meaningless self-labeling like “I am an alcoholic”. Instead it encourages them to be positive
about themselves and their capabilities. This is aided by our having a dialogue only with their adult side and enlisting
this to help others.
To help with the chemical predicament the second lock initially
we ignore the addiction itself but focus on reducing stress by developing healthier life habits, problem solving and financial
control. Only then does the scheme incentivize addiction reduction using delaying tactics in response to cravings to allow
spontaneous hormonal adjustment. It uses regular mobile phone texting
rather than face-to-face contact. This allows their phone number to be
used as their sole identity. This maintains complete confidentiality and lack of embarrassment in participating throughout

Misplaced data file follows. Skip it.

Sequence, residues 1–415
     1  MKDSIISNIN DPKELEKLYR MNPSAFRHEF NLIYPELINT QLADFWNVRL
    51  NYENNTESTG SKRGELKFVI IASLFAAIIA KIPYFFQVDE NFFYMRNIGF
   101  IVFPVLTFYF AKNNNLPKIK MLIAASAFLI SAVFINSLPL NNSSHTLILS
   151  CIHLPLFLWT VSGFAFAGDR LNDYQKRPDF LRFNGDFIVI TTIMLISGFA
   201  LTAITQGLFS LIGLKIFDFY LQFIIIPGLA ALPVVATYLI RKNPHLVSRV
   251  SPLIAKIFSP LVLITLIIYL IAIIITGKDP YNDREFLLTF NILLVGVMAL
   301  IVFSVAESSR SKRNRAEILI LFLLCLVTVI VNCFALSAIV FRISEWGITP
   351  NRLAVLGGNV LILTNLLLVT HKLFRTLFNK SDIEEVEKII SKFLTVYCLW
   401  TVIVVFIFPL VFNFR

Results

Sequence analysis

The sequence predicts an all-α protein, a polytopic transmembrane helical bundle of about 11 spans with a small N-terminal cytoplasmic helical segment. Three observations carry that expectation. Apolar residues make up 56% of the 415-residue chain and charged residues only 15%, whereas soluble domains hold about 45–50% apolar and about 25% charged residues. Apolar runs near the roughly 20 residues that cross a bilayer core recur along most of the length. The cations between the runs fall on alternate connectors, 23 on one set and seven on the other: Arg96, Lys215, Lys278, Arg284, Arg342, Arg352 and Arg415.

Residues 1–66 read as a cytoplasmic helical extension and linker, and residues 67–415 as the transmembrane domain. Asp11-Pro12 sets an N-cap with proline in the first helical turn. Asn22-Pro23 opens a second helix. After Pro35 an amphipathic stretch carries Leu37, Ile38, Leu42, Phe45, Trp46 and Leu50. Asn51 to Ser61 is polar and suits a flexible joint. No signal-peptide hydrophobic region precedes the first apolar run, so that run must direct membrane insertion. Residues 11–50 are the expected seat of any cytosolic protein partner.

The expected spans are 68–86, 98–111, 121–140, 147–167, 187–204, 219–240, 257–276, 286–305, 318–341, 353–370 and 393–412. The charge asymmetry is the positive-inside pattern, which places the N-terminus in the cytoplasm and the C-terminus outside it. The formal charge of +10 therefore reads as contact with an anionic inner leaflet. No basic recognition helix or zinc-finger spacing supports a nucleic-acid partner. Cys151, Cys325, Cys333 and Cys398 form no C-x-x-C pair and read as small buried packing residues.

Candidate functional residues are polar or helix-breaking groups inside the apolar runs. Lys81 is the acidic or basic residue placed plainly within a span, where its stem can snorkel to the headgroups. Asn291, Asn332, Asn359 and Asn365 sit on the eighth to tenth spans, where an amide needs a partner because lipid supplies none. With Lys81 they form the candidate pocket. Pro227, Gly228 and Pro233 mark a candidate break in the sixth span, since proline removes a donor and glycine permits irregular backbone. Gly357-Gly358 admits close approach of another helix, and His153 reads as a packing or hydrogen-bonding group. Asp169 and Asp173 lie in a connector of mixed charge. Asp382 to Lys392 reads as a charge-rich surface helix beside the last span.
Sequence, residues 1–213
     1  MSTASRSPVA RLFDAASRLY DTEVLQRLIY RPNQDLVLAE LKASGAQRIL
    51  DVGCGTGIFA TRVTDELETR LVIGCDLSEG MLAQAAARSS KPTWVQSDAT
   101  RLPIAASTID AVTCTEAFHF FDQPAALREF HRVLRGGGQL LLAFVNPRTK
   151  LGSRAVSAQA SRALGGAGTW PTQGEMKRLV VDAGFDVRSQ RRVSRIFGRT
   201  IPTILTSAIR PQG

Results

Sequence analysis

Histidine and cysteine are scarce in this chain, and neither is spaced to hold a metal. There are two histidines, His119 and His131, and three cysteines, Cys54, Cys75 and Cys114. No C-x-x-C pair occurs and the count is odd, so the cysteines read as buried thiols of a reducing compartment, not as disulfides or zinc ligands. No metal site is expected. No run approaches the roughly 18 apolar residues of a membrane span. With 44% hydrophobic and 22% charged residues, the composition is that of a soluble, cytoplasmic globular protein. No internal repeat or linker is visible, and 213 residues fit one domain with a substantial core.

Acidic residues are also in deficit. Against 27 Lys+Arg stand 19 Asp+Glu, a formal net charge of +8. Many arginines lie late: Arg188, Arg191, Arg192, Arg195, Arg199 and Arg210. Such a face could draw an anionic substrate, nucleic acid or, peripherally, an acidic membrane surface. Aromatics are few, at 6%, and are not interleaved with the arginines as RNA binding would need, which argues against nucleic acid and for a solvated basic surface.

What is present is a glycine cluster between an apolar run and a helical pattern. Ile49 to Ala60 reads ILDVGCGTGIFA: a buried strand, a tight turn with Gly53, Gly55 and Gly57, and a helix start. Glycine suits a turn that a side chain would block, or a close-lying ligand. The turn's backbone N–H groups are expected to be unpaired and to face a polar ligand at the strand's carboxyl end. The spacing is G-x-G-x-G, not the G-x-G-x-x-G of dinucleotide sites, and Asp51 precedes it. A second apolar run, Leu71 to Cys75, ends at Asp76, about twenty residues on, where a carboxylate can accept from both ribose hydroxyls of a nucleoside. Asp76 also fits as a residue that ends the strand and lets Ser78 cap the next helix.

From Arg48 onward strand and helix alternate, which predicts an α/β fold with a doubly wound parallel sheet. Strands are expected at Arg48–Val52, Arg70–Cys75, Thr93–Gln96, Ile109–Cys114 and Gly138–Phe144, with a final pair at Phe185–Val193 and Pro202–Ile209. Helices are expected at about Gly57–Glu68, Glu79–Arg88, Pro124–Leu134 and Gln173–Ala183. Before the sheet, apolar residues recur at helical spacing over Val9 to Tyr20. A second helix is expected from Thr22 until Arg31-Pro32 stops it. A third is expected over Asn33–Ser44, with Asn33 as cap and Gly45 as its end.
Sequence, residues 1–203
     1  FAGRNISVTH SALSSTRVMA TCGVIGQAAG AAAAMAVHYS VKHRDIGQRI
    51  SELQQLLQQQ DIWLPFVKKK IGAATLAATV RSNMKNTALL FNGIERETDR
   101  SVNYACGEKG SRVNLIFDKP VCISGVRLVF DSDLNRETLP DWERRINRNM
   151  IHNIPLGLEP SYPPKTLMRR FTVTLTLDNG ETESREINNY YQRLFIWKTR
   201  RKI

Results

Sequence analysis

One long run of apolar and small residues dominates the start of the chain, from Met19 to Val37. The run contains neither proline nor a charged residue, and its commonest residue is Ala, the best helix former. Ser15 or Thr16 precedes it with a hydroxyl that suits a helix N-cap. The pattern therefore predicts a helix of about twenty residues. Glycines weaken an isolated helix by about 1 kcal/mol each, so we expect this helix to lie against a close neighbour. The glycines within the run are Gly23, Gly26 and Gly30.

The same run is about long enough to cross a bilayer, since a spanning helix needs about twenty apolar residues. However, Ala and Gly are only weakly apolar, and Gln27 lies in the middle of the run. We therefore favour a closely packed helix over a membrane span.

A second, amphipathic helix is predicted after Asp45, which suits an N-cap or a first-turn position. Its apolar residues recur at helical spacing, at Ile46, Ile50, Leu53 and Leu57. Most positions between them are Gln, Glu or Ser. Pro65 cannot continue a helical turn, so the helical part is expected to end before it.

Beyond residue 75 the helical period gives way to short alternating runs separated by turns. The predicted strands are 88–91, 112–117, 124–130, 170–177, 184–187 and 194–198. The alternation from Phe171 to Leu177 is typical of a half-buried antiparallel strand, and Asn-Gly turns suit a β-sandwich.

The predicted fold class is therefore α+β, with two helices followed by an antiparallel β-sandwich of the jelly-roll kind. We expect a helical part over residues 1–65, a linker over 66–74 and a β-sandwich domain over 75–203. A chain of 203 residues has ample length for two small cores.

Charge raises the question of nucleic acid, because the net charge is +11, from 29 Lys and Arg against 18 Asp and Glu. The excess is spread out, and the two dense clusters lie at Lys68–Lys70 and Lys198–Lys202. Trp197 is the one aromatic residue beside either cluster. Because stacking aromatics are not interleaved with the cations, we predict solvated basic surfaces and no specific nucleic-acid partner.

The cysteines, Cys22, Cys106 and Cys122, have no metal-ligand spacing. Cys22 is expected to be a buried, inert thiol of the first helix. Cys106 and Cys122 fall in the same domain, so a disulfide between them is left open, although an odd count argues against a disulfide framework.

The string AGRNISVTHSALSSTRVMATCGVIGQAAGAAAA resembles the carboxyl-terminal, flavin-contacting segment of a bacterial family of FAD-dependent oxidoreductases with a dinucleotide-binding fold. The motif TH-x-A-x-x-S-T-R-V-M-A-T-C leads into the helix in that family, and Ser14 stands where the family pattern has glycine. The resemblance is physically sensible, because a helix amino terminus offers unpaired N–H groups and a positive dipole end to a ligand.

the period of self-treatment. The duration of which (or if necessary recommencing a course of treatment) is entirely up to
each participant. Furthermore there is little or no
financial barrier to using the service. Because the main cost is only text messaging this can be provided
for just a token cost while each person sees if Carecreds actually helps him or her. Only then and only
if they want to, they can put extra pressure on themselves by paying in a more realistic stake via a premium phone
number. This should be a variable stake (e.g. based on 5% of their monthly addiction costs), which they can then try to earn
back by gaining sufficient CareCreds.
for making patients aware of ECBC (Earn Credit By Caring)
With the agreement of local commissioners ALL GPs are sent an ECBC pack of explanatory forms with attached
plastic cards with our contact website, email and mobile contact number. They can hand these out to patients with ANY sort
of harmful addiction but particularly to those who are not doing well. These leaflets can be offered to distressed family
members who are paying for the habits of unmotivated relatives as a useful tool to introduce an element of earning into their
relationship, pointing out the section relevant to them.